Is the Quarantine15 on your mind? It needn’t be.
We’re living in unprecedented times, and the fears are real. But fearing weight gain shouldn’t be one of them.
Social media’s latest pandemic hashtag — quarantine15 — is just ol’ diet culture ramping up again to prey upon our body insecurities, body shaming us for profit. I’m sure you’ve seen some of the posts:
“Gaining weight in college was called the freshman15. This time it will be the quarantine15.”
“Walking around the house in a sports bra will make you put the quarantine snacks away quick. Eat lunch in your swimsuit.”
“Please tell me that I’m not the only COVID Carboholic.”
Shame on you, diet culture, for making us feel ashamed if our bodies change, especially during a global pandemic, especially as food and eating challenges are “normal human responses to a global pandemic that do not need to be pathologized or treated as abnormal,” as stated by experts at TraumaAndCo.com.
Jackson psychologist and Wyoming Psychological Association President Sadie Monaghan concurs, recently sharing this response to weight fearmongering on her Facebook page:
“I am seeing a lot of fatphobic content on social right now. If you need this, let me say it loudly: Eating for comfort during a collective trauma is OK. Gaining a couple of pounds probably means you were forcing your body to be a weight it didn’t like. Urges to hoard food are a human response to perceived scarcity. Not ‘exercising’ for a few weeks or months is not morally wrong.
“You are more than your weight and/or shape. Weight is not equal to health status. Food is not good or bad, it is nourishment, whether for the body or soul or both. Go easy on yourself and others and don’t push weight stigma or food rules during a crisis, or ever.”
This pandemic will end. But diet culture will flourish, unless we burn it down. Remember: The $72 billion dollar-industry can profit only if we feel “flawed.” Diet culture is built on body shame, and it has warped so many into believing that it’s normal and healthy to be obsessed with “fixing” our bodies and to be hypervigilant with food and exercise.
But we can change that at any time, even now. Maybe especially now.
“In the rush to return to normal,” writes Dave Hollis, author of “Get Out Of Your Own Way,” “let’s use this time to consider which parts of normal are worth returning to.”
Collectively, when we speak out and confront diet culture we can start to undermine its place in our society. As shame researcher and bestselling author Brené Brown says, “Shame is deadly. And I think we are swimming in it deep.” But shame can not survive empathy because “shame depends on the belief that I’m alone” Brown says.
Let’s reclaim our time, energy, money, happiness and self-worth. Let’s imagine a new relationship with ourselves.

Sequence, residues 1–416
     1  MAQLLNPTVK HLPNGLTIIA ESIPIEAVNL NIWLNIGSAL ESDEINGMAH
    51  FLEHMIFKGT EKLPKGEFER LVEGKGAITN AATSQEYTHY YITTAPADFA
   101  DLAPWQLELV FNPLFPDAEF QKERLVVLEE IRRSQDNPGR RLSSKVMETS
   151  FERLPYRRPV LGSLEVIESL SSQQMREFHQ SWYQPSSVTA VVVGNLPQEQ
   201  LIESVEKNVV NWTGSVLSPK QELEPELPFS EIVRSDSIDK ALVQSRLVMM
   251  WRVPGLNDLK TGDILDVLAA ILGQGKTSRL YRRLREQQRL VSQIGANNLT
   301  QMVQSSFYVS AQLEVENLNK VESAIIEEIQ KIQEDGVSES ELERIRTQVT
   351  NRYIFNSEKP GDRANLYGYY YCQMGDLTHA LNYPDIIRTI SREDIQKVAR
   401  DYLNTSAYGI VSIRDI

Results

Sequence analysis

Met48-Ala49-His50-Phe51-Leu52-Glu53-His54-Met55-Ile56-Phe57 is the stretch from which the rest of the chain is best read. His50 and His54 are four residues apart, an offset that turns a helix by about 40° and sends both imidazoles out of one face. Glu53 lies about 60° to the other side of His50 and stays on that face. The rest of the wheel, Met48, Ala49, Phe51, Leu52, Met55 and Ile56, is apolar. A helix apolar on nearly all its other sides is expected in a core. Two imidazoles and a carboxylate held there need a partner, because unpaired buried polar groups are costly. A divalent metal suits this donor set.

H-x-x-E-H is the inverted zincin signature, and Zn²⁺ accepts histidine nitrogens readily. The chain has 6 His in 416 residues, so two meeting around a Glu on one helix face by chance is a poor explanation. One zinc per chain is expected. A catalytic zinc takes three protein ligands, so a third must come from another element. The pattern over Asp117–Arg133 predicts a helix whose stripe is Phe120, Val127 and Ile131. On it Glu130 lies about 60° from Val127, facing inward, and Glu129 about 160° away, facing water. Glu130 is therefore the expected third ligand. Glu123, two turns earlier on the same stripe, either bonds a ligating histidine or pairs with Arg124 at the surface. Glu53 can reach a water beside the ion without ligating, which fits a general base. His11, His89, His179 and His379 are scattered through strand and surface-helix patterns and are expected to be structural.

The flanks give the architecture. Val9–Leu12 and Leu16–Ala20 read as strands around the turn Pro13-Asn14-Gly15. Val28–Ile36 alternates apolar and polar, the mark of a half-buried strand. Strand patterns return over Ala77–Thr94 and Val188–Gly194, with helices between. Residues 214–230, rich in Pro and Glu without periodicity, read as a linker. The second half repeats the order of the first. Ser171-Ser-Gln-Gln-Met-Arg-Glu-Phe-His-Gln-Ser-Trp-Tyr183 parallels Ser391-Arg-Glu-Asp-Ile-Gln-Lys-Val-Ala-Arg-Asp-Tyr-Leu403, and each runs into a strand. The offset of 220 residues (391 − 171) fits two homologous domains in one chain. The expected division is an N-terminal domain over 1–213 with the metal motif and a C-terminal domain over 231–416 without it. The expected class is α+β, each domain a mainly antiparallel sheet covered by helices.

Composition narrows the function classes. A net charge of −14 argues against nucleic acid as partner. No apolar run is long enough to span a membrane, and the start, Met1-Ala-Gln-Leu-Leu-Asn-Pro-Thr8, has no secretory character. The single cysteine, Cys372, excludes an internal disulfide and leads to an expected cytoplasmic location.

In this new normal, fitness is building muscles and improving balance, flexibility, agility and the quality of our sleep. It’s strengthening our energy, mood and mental health. It’s not hyperfocused on weight loss or body image. In this new normal, we enjoy movement for the pure joy of it.
In this new normal we explore nutrition and healthful eating as learning and practicing the basics of human nutrition while tuning in to listen to our body’s needs, internal cues of hunger, fullness, satisfaction and which foods make us feel our best. We transition away from a rules-based and restrictive model of nutrition and toward trusting our bodies, something BeNourished.org calls a “birthright.”
“You were born with an inherent trust for your body,” the website says. “Somewhere along the way you became disconnected from that way of knowing.”
In this new normal, health professionals and any person contemplating going on a diet will learn “Health at Every Size,” an evidence-based compassionate model that switches the focus from weight to healthy behaviors.
“Trumpeting obesity concerns and admonishing people to lose weight is not just misguided, but downright damaging,” says Lindo Bacon, author of “Health at Every Size and Body Respect.” “It leads to repeated cycles of weight loss and regain, to food and body preoccupation, self-hatred, eating disorders, weight discrimination, and poor health.
“Few of us are at peace with our bodies, whether because we’re fat or because we fear becoming fat. Every time you make fat the problem, these are side effects, however unintended they may be. Everyone can benefit from good health behaviors.”
In this time of uncertainty I hope what is most important is becoming clear and what is not falls by the wayside. Let the hashtag quarantine15 fall away while you turn your attention to building a new, truly healthy normal.
(This article was published in the April 29, 2020 Jackson Hole News and Guide).